By Dee Reid
At the Chatham Obama supporters' retreat in January, one sub-group formed around making Chatham a SUSTAINABLE community -- with policies and practices in every aspect of county life -- sustainable community design, sustainable agriculture, sustainable transportation, and sustainable agriculture. The participants in this discussion were Gail Crider, Bill Dow, Nia Marsh, Steve Marsh, Dee Reid, and Jeffrey Starkweather.
Sustainable Community Design
Public policies, ordinances, planning regulations and homeowners’ association rules and covenants should support sustainable practices and discourage unsustainable practices.
* A sustainable community would encourage and allow residents to: use recycled gray water on lawns and gardens (conserves water), hang clothes out to dry (saves energy), install rain barrels to catch and use rainwater for lawns and gardens (conserves water), grow vegetables and raise chickens in their yards or in green spaces in the community (saves energy, encourages growth of whole healthy food), have a compost file (recycles waste), etc.
* A sustainable community encourages walking or cycling instead of driving, with sidewalks and trails (saves energy, protects environment, promotes health and wellness).
* A sustainable community encourages arts and recreation through: public arts (some communities have a fraction of public construction dedicated to purchasing and installing art in public spaces. We discussed having an arts and cultural center in downtown Pittsboro (promotes arts and economic development).
* A sustainable community would have tax incentives and/or zoning regulations that encourage the preservation of farmland (saves family farms, encourages economic development, provides whole healthy food), through farmland trusts, lower property tax rates for agriculture and/or ways for farmer to derive value from preserving land by transferring development rights.
* A sustainable community encourages residential and commercial development near towns and employment centers, rather than sprawling in the countryside. This saves energy in transportation costs, protects environment and natural resource assets of the county, promotes local shopping and local business, and enhances quality of life for residents who can live near where they work.
* A sustainable community encourages housing near town and employment in wide-ranging prices affordable and sustainable for workers, retirees, students and families.
* A sustainable community has mass transportation (encourages economic development, saves energy, reduces global warming, reduces traffic, enhances quality of life and well being)
* A sustainable community has affordable medical care.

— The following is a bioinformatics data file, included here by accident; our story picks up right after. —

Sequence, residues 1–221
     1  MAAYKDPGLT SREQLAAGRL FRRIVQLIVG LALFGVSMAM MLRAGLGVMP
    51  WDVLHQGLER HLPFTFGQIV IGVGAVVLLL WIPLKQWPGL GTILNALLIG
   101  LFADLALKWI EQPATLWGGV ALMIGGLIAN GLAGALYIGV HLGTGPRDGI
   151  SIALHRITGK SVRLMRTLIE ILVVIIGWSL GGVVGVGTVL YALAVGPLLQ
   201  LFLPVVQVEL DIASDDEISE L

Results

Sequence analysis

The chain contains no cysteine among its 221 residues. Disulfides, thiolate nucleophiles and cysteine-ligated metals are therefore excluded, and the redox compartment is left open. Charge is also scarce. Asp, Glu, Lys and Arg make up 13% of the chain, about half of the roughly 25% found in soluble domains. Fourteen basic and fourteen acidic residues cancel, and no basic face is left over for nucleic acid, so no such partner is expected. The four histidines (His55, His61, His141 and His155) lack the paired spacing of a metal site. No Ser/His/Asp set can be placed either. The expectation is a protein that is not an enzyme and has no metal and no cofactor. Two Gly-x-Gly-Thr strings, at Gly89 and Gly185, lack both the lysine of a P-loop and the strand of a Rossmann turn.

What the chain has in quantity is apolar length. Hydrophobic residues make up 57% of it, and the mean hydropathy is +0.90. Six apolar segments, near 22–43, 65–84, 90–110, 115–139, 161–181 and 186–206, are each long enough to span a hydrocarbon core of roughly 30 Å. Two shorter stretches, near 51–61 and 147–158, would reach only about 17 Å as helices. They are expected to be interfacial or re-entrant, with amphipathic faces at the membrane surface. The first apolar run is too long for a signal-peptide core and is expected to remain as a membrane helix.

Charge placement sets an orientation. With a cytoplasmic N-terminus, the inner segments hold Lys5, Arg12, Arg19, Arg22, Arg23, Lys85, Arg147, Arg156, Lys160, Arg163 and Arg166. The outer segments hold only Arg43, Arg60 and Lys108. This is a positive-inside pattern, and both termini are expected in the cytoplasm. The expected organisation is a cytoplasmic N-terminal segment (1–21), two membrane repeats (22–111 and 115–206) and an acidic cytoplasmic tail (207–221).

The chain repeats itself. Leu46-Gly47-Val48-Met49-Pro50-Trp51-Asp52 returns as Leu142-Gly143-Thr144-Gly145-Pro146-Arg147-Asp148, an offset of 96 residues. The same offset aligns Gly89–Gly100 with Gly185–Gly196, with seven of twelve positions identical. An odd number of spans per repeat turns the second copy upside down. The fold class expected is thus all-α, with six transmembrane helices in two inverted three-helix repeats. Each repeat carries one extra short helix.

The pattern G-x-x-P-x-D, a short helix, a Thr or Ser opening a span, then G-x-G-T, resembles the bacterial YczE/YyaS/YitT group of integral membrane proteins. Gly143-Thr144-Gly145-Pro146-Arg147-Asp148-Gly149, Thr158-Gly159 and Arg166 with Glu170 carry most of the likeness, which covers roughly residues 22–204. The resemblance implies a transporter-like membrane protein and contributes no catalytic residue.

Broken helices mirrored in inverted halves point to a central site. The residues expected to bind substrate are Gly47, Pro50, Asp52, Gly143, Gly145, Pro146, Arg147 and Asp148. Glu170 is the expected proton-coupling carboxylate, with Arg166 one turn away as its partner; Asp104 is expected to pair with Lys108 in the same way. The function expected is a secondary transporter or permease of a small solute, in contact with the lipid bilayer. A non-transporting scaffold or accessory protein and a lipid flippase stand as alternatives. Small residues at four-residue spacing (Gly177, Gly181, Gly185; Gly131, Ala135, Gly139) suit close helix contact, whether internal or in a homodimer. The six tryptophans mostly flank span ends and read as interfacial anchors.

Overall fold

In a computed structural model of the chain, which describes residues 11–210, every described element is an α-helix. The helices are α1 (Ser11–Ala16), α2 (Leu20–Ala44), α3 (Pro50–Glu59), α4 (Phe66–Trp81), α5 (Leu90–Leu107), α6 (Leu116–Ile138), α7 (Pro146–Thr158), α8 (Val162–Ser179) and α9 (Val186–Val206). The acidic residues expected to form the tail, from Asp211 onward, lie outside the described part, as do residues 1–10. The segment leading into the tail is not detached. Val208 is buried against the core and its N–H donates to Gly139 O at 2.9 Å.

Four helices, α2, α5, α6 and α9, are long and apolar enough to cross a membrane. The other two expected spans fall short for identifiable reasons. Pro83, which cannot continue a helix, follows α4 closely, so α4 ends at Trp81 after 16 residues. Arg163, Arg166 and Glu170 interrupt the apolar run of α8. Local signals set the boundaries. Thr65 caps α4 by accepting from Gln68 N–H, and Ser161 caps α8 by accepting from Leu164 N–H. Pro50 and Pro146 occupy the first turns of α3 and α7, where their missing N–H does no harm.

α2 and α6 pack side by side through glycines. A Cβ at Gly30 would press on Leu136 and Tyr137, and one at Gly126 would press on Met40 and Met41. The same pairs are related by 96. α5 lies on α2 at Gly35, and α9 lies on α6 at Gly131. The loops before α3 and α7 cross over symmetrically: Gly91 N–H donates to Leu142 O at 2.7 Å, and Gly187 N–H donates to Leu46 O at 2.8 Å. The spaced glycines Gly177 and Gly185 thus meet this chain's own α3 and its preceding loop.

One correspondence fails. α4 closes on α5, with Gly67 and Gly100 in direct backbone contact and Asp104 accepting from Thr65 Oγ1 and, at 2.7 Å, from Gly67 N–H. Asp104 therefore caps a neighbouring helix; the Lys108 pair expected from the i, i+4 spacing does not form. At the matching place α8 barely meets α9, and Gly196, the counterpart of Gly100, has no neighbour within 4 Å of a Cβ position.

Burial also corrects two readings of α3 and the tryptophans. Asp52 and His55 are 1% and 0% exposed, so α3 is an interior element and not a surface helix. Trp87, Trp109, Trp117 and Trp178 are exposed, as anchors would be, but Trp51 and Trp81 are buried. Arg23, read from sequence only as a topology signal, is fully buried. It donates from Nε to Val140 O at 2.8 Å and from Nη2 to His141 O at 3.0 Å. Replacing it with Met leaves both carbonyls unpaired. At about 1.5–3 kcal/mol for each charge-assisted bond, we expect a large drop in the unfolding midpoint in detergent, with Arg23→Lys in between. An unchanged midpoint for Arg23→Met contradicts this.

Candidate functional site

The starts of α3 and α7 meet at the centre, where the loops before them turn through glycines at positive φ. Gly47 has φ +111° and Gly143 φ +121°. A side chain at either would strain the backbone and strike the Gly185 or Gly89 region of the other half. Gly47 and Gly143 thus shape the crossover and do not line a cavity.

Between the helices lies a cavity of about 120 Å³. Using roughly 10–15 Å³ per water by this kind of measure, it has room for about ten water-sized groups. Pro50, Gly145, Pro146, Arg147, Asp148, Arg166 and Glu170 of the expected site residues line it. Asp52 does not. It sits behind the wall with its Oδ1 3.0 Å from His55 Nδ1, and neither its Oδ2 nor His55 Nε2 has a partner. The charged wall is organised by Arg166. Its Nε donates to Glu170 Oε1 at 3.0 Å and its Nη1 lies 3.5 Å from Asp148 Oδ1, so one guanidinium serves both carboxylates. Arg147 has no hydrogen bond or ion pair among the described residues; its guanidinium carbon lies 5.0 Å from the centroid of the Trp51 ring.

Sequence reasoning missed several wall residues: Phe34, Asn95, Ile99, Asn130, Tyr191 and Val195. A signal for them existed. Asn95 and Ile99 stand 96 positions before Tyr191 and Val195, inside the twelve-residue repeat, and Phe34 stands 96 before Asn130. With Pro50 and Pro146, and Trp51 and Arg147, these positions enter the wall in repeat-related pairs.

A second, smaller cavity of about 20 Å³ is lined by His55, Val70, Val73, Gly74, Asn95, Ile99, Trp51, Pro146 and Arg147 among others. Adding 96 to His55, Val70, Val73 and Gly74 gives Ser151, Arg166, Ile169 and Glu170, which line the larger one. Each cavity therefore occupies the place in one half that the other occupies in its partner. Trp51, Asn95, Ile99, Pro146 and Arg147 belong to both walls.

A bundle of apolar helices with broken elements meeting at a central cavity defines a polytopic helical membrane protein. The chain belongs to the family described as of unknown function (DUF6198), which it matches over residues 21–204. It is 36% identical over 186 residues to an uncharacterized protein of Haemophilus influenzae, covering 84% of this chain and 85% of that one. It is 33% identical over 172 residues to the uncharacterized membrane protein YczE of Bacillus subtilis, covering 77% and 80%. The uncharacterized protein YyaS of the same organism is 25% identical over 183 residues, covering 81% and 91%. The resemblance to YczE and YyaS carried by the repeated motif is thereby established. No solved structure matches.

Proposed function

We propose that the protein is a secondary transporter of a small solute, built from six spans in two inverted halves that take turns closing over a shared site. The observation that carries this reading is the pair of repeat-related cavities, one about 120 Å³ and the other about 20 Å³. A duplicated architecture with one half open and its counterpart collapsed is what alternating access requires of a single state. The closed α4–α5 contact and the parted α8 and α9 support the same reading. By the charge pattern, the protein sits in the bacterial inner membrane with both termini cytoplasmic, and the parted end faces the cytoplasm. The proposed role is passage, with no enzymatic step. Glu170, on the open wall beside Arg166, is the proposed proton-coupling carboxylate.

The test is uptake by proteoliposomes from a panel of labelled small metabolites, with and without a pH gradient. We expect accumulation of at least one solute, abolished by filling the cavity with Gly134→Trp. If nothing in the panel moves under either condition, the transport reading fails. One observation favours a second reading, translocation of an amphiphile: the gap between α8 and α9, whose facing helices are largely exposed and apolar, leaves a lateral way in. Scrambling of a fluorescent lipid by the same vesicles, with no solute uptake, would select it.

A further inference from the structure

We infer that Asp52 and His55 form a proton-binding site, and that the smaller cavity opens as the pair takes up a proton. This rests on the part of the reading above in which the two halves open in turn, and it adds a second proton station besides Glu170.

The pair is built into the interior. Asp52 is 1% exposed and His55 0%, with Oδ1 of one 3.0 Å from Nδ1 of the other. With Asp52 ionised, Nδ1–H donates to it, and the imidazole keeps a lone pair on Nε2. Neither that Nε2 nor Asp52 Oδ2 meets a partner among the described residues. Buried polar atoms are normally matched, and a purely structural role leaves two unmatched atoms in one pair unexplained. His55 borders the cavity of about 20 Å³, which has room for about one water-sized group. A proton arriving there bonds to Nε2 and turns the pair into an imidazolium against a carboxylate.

* A sustainable community encourages and supports local businesses and local industry that offer good jobs, decent wages, protect the environment.
We discussed the challenges facing farmers who would like to stay on their land and diversify their crops but can no longer afford it because of high energy and input costs associated with traditional commercial farming. We also discussed the challenges facing young people and new farmers who would like to get started in sustainable farming but can’t afford the price of even a small amount of land.
* What can be done to help commodity farmers diversity into more sustainable crops or practices?
* What can be done to preserve farmland at reasonable prices so new farmers can get started?
* How can we encourage small-farm incubation projects on land that is not currently being used for farming?
* Could farm land owners use part or all of their land for alternative energy development: bio fuels, biomass, methane, wind?
* How can we help farmers or farm land owners get involved in agro-tourism, which would bring them value added and bring visitors/tourists to Chatham?
* Why don’t we have community gardens where people who don’t own land could raise their own food, or school children could learn about growing food?
* Why don’t we have sustainable whole food in our school lunch programs?
* How about a Farmers Market in our downtowns on Saturdays? That would promote the farmers, encourage healthy food consumption, and bring business to our downtowns. Dee mentioned that Carolina Brewery and local farmers are exploring possibility of a Saturday market at the brewery parking lot. We also talked about the old Piggly Wiggly parking lot, now vacant, in downtown Pittsboro as a prime location for Farmers Market (we also discussed it as prime location for a cultural arts center, or maybe both uses?)